The Coronation on 6 May will be a welcome cause for celebration in difficult times, but will it be a mixed blessing for Charles and Camilla? It’s not exactly like the works’ Christmas curry in terms of just trying to get the seating plan right and avoiding embarrassing moments. The entire world will be watching, analysing, hypothecating and so on. And the King is not even in charge of who gets invited, as it is a state occasion.
Quite unsurprisingly, SNP First Minister Humza Yousaf will be attending and doubtless the last three Westminster Prime Ministers will be looking for selfies that they can use in Hello Magazine to improve their fee rates on the speaker circuit.
Quite surprisingly and more importantly, Sinn Fein Vice President Michelle O’Neill will also be attending. One wonders if this signals a thaw in the relationship between Sinn Fein and the monarchy / Westminster government? If it does, it would produce further pressure on the DUP to stop their ‘strike’ and return to Stormont. This would be a welcome development, instead of holding the people of Northern Ireland to ransom over their continuing objections to Brexit arrangements which they voted for.
Then there are the more awkward family moments to manage. Fresh out of court, The Duke of Sussex will be attending, presumably in a further attempt to repair familial relationships that he desperately wants. At the opposite end of the spectrum, the late Queen’s favourite son, Prince Andrew will also be in attendance, presumably sat at some distance from younger members of the family.
Coronation Chickens come home to roost
I don’t mind the Royal Family. Yes, I know people complain about the Royal’s cost to the nation, their birthright and so on, but my views run something like this. It’s not King Charles’ fault that he’s King Charles. When we compare the amount that the Royals cost with the nuclear levels of money wasted on Brexit, PPE and other affairs, their costs pale by comparison.
However, I do expect more of our Royal Family in exchange for allowing them to maintain their privileged position. Specifically, I do expect Charles to speak out on climate disaster, on breaking international law, on the destruction to lives and livelihoods wrought by Brexit and so on. This is the privilege and responsibility of leadership. If he cannot do that, my opinion on his right to sit on the throne changes with it.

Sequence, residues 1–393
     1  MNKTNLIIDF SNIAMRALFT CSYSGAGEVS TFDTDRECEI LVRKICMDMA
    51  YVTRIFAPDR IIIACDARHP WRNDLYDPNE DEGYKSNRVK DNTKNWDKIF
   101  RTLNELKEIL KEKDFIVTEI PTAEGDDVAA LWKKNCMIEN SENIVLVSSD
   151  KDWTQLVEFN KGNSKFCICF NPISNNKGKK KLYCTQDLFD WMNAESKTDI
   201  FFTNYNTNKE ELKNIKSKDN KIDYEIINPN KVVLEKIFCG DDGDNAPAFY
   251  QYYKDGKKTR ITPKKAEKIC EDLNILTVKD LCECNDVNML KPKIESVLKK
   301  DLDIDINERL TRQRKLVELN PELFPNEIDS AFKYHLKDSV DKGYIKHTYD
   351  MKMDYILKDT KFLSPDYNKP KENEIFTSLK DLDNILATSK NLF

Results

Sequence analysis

Power, influence and authority
Some will point out that The King has no authority. But he has massive amounts of influence and soft power. In this context I urge people to write him a letter after the Coronation to ask Charles to exercise quiet influence on the things which concern his ‘subjects’. It is best if you write your own letter, as multiple copies of letters tend to be ignored. Here however is a template you may adapt to suit your needs.
I recommend using the rule of three … pick three issues from the main body of the letter to use. I also recommend that you send your letter by post for maximum impact. Handwritten letters are especially valuable. The address is Buckingham Palace, London SW1A 1AA.
A letter to the King on Brexit Britain
First and foremost, I hope that you will use your influence to help us address the pressing issue of climate catastrophe, which threatens us all. Planet earth will not wait for sub-committees to agree compromises which allow our planet to continue warming. Instead of responding to the call to suspend the use of fossil fuels in favour of sustainable energy sources, we are presently pursuing the controversial issue of fracking, a subject on which your latest Prime Minister may have been badly advised. The prime reason for removing the ban imposed as recently 2019 by his predecessor has been justified by the war in Ukraine and its effects on the economy and consumers.
Yet the energy crisis preceded the advent of this war. Does this not raise questions to the advocates of this course of action? Fracking is more expensive than solar and other forms of energy production. We should look upon the UK via the medium of the BBC sitcom The Good Life, in other words, we must be responsible environmental stewards. A hallmark of our existence is to leave the planet in a better state than when we arrived.
At the same time, the bonfire on standards due to Brexit enhances environmental damage through increased carbon footprint from ever longer trading across continents, moral hazard through use of poor materials for manufacturing and an increased use of irresponsible capitalism.
Brexit has not delivered on the promises made in the ‘brochure’ in 2016. Instead it threatens the breakup of your Kingdom, the loss of Britain’s position as a world leader in many fields, breakages of international law, a possible return to the troubles in Northern Ireland and human trafficking of people to Rwanda as a supposed ‘solution’ to migration by people fleeing from war and oppression. Just when many countries in the world are recognising that joined up thinking is needed to solve joined up problems, we appear to have elected to live in un-splendid isolation.